I do believe that the supply side will wane as stalwarts pass and fashion's eye looks elsewhere. But that is entirely beside the question of whether Ivy will live. There will always be thrifters and tailors and dedicated entrepreneurs to supply us with close approximations. For a price.

Ivy style ain't dead. It will remain an appropriate choice as long as lapels and ties live and breathe.


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 Post subject: Re: What is Ivy Style's future?
PostPosted: Sun Nov 15, 2015 5:11 pm 
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Spin, I agree about the transient nature of current styles. But it seems that menswear just moves on to the next trend. Ivy Style doesn't seem to be a touchstone. Maybe I'm wrong, but it feels like Ivy Style is slowly slipping out of orbit. And I don't sense that today's younger men are aware of this or care.

This also could be a regional concern. I don't see many men in my area who go beyond t-shirts, hoodies and square-toe shoes. Yick.


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 Post subject: Re: What is Ivy Style's future?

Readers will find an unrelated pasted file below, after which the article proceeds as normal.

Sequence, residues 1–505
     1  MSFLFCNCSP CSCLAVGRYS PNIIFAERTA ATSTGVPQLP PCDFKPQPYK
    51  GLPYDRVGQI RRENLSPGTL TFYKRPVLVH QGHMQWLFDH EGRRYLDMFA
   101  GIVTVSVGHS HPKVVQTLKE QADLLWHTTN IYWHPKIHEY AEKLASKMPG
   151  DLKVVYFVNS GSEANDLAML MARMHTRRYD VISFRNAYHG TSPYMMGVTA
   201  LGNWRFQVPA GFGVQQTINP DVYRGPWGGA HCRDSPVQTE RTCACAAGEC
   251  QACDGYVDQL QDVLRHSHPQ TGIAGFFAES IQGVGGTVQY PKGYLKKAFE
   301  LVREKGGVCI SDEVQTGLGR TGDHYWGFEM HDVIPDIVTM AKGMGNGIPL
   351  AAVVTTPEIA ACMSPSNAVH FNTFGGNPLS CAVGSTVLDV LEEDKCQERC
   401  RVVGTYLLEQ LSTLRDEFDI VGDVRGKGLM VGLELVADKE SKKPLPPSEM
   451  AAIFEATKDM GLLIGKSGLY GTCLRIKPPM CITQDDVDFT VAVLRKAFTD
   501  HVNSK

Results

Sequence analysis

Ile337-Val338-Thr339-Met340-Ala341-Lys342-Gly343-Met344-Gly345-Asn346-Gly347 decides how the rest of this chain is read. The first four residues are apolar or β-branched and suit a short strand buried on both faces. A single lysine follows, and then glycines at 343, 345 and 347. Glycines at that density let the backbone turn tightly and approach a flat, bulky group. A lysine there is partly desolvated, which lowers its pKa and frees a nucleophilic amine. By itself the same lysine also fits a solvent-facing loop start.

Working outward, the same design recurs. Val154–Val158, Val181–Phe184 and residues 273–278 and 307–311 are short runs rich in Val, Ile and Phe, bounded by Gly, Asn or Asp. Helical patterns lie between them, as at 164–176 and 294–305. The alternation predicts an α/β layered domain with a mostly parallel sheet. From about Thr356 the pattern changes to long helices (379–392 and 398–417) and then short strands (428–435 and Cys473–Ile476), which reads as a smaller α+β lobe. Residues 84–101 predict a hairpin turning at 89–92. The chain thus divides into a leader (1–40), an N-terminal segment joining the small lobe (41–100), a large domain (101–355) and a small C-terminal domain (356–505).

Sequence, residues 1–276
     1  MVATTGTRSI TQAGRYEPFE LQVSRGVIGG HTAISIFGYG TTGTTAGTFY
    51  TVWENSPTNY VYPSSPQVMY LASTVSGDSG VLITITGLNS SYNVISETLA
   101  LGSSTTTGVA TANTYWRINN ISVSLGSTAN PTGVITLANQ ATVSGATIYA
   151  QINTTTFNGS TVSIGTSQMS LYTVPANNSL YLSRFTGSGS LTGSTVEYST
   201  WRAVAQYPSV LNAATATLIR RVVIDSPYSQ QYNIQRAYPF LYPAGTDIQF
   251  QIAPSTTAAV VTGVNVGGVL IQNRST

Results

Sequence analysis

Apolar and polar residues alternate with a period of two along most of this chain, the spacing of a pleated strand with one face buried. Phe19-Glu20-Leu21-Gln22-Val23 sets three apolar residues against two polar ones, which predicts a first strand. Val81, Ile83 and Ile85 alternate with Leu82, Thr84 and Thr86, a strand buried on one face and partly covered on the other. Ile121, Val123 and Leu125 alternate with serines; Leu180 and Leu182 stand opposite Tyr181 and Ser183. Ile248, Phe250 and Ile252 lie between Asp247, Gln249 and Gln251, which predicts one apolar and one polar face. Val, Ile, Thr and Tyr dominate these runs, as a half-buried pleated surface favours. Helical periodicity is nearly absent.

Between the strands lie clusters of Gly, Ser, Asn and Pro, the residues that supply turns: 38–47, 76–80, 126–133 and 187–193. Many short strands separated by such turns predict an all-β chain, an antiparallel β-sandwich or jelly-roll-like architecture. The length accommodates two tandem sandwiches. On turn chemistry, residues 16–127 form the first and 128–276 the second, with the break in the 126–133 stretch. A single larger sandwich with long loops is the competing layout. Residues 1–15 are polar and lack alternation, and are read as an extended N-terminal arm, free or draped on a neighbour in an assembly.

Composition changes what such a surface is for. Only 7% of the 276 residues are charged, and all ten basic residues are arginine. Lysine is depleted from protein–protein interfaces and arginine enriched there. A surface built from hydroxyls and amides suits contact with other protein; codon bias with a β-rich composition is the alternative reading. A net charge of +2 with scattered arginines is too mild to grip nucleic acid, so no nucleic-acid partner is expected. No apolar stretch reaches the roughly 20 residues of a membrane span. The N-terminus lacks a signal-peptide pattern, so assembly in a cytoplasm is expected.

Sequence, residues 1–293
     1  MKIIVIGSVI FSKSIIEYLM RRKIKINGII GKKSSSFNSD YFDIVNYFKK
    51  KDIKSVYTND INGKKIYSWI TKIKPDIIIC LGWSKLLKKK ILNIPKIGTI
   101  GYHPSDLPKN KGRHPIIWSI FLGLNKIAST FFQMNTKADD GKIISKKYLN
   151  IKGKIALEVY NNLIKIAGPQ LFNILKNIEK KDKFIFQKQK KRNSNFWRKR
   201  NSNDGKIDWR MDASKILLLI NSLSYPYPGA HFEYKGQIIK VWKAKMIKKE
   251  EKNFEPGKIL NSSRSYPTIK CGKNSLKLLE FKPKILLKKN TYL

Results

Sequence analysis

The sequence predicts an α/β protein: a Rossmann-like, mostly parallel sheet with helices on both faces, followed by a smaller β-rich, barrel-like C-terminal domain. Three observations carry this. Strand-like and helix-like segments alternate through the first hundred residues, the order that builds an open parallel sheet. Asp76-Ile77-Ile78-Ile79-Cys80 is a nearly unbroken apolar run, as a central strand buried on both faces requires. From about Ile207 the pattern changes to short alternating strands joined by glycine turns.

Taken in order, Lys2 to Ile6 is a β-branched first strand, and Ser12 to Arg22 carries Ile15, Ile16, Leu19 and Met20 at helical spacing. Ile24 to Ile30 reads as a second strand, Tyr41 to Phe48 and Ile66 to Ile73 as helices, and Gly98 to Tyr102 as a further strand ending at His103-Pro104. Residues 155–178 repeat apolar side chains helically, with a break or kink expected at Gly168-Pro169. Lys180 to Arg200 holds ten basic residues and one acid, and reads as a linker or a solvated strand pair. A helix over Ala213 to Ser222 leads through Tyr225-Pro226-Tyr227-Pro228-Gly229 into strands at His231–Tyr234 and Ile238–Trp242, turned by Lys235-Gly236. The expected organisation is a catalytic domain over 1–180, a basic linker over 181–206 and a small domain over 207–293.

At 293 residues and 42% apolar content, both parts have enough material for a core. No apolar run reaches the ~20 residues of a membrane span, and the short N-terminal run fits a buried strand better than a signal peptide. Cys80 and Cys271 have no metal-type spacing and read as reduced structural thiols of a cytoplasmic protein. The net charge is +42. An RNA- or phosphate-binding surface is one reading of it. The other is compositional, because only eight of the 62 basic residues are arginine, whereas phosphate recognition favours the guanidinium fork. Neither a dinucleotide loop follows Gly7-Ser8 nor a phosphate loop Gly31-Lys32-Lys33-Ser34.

PostPosted: Mon Nov 16, 2015 10:21 am 
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I think that the spread of Ivy to non-traditionally thought of places 60 odd years ago was exactly the same thing that we seem to be decrying, a trend. It was also a time of (something older membership can probably do a better job describing because they actually experienced it, but for a lack of a better term I'll go with) monoculture.

The way things work today everything is split a million different ways, there are trends (the shrunken everything look that's been "hip" for 10+ years), the average guy that doesn't give a @#$% look that Gamma describes, and people like us that spend time on internet forums. Those three groups are just a few examples of the styles currently being practiced, and there are many gradations and interpretations of all of them.

If anything the splintering and subculturing of society will help maintain "the look" in my opinion. The internet has sustained a few of our meccas (0'Connell's being the prime example) and made Ivy accessible to the unware or those that don't live in an area with the shops and thrifts to provide the basics.